Publication Type:Journal Article
Source:Nature Geoscience, Volume 16, Issue 4, p.309 - 313 (2023)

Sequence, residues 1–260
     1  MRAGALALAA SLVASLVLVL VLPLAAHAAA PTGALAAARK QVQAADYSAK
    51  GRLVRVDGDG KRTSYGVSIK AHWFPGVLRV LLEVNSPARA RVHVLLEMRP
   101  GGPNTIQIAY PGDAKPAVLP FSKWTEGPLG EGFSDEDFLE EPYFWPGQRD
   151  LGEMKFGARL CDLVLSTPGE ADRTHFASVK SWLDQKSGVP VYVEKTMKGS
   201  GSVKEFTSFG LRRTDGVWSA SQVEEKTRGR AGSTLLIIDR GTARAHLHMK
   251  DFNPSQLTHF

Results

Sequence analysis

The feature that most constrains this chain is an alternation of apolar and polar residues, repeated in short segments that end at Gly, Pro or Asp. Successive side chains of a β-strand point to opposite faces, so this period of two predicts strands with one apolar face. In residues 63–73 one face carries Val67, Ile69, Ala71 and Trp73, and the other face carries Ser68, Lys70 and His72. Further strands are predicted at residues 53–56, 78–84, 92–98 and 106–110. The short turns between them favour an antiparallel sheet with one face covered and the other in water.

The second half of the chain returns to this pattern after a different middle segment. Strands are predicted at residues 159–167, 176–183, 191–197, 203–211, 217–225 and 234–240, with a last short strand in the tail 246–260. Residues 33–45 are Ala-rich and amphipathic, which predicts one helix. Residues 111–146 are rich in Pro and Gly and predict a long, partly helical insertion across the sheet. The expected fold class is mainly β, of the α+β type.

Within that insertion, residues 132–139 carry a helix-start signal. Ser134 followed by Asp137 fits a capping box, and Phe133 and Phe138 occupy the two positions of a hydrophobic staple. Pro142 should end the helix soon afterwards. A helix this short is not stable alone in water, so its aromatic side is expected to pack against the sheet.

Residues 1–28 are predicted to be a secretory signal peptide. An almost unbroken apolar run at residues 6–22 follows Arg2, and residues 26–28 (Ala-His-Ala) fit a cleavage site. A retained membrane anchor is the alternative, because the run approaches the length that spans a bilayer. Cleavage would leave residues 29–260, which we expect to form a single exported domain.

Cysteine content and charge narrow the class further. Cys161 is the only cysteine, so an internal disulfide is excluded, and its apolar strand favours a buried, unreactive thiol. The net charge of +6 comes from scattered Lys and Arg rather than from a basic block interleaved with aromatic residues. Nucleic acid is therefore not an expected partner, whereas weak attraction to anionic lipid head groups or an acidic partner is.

The production of chlorofluorocarbons (CFCs) that would ultimately be released to the atmosphere was banned globally in 2010 under the Montreal Protocol. Here we use measurements combined with an atmospheric transport model to show how atmospheric abundances and emissions of five CFCs increased between 2010 and 2020, contrary to the goals of the phase-out. The Montreal Protocol allows CFC production for use as a feedstock to produce other chemicals. Emissions of CFC-113a, CFC-114a and CFC-115 probably arise during the production of hydrofluorocarbons, which have replaced CFCs for many applications. The drivers behind increasing emissions of CFC-13 and CFC-112a are more uncertain. The combined emissions of CFC-13, CFC-112a, CFC-113a, CFC-114a and CFC-115 increased from 1.6 ± 0.2 to 4.2 ± 0.4 ODP-Gg yr-1 (CFC-11-equivalent ozone-depleting potential) between 2010 and 2020. The anticipated impact of these emissions on stratospheric ozone recovery is small. However, ongoing emissions of the five CFCs of focus may negate some of the benefits gained under the Montreal Protocol if they continue to rise. In addition, the climate impact of the emissions of these CFCs needs to be considered, as their 2020 emissions are equivalent to 47 ± 5 TgCO2.